As people all over the world take to social media to voice support for Paris following Friday's devastating terrorist attacks, one symbol has become the dominant image associated with the tragedy and the grief in its aftermath. Within hours of the news breaking on Friday night, a unique drawing featuring the Eiffel Tower at the centre of a peace sign started popping up all over Instagram, Twitter and Facebook.
Like most viral images on social media, the source is unknown to those who share it—but the context of this particular icon compelled a deeper search for its origin. Slate discovered the original to be the work of a French illustrator by the name of Jean Jullien. Jullien, who has created other graphics to depict notable political and cultural events (including the Ferguson shooting and the Charlie Hebdo massacre that took place in Paris earlier this year), posted his "Peace for Paris" drawing to Twitter after learning of the attacks.
"I turned on the French radio and I heard about what was happening. So I just sort of started checking on my friends and family through social media, and everybody was saying 'I'm OK'," Jullien told Slate via Skype. "And just because this is what I do, I draw, I reacted graphically, just drawing something spontaneously with pen and paper and then sharing it as a raw reaction. With so much violence and tragedy—we just want a bit of peace."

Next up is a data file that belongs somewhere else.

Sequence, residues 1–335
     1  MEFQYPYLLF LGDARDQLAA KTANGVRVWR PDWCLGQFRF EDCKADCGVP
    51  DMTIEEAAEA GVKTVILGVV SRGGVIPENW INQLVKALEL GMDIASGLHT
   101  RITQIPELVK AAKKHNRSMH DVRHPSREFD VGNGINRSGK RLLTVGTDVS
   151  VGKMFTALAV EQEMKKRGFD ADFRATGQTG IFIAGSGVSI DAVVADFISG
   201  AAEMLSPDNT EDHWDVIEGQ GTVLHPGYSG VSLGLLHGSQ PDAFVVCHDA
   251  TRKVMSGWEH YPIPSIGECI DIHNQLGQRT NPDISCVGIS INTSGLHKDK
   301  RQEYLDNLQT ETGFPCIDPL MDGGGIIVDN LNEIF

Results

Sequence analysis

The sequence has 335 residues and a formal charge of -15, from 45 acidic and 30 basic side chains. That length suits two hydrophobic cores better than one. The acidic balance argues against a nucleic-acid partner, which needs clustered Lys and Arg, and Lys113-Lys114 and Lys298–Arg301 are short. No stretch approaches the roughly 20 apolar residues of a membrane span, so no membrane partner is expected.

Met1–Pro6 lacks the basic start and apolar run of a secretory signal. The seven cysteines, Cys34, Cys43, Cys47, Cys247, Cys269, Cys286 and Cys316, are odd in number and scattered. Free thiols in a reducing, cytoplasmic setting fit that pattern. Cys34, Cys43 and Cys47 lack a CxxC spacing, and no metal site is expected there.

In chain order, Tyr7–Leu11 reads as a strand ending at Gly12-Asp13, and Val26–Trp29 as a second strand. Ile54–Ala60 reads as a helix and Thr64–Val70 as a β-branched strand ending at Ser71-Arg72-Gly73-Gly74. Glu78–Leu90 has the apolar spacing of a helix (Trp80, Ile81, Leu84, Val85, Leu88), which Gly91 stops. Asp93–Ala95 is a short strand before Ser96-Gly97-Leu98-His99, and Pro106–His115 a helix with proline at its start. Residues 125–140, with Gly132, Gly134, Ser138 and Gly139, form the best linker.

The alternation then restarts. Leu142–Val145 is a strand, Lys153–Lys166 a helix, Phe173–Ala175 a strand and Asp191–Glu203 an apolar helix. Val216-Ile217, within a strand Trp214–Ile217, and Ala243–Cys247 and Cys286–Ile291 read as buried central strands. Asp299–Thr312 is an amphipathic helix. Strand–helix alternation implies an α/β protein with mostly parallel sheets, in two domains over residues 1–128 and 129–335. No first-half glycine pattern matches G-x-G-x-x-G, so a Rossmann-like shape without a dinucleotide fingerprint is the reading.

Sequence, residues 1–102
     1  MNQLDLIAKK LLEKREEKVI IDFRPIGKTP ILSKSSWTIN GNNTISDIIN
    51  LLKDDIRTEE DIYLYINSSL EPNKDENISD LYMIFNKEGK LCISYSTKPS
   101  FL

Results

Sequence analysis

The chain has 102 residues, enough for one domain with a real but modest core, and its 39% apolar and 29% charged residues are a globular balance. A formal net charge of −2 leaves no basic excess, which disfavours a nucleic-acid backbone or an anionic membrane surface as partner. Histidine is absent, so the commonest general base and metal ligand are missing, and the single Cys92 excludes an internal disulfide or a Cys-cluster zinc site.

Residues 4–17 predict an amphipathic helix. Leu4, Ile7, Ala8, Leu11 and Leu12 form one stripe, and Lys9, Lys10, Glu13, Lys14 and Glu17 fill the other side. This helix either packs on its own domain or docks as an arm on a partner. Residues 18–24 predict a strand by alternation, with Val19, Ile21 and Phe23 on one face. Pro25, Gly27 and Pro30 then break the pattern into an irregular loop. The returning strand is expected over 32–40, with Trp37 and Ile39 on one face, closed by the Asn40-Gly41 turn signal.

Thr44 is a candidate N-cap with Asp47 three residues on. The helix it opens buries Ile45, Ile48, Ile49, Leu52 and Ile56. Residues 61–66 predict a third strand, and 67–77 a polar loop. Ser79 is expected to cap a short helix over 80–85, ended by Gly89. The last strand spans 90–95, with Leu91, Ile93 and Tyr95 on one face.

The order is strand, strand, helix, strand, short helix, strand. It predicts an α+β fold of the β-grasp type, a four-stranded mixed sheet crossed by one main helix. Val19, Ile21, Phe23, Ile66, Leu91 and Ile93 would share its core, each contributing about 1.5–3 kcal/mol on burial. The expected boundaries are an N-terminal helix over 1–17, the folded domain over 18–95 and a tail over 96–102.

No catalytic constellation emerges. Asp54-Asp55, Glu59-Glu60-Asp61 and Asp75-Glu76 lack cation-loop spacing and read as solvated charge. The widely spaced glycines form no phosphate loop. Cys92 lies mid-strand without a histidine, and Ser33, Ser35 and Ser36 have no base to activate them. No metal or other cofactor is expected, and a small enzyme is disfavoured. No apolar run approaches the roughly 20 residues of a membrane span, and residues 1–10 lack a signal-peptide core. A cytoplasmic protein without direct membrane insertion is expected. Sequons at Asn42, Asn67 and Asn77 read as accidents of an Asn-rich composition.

When asked about how he landed on this concept, Jullien replied, "This was the first thing—when I put my brush on paper, this was the first thing that came… It was just me trying to combine two thoughts – Paris and peace. And somehow graphically it seemed to work. I just wanted something symbolic, something that everybody could understand easily, and everybody could share regardless of where they're from… I just wanted something universal."
The symbol, which now saturates the social media feeds for such hashtags as #PrayforParis, #PeaceforParis and has been posted by celebrities like Kim Kardashian and Cara Delevingne is, in a way, exactly as Jullien intended: "An image for everyone." Though he never expected it to spread the way it has: "It is somehow quite organic, the way these things go—you can't really plan on it. I would just say that if people have used it so much, and if they felt like it was useful for them to share, then the image worked."
Via Harper's Bazaar US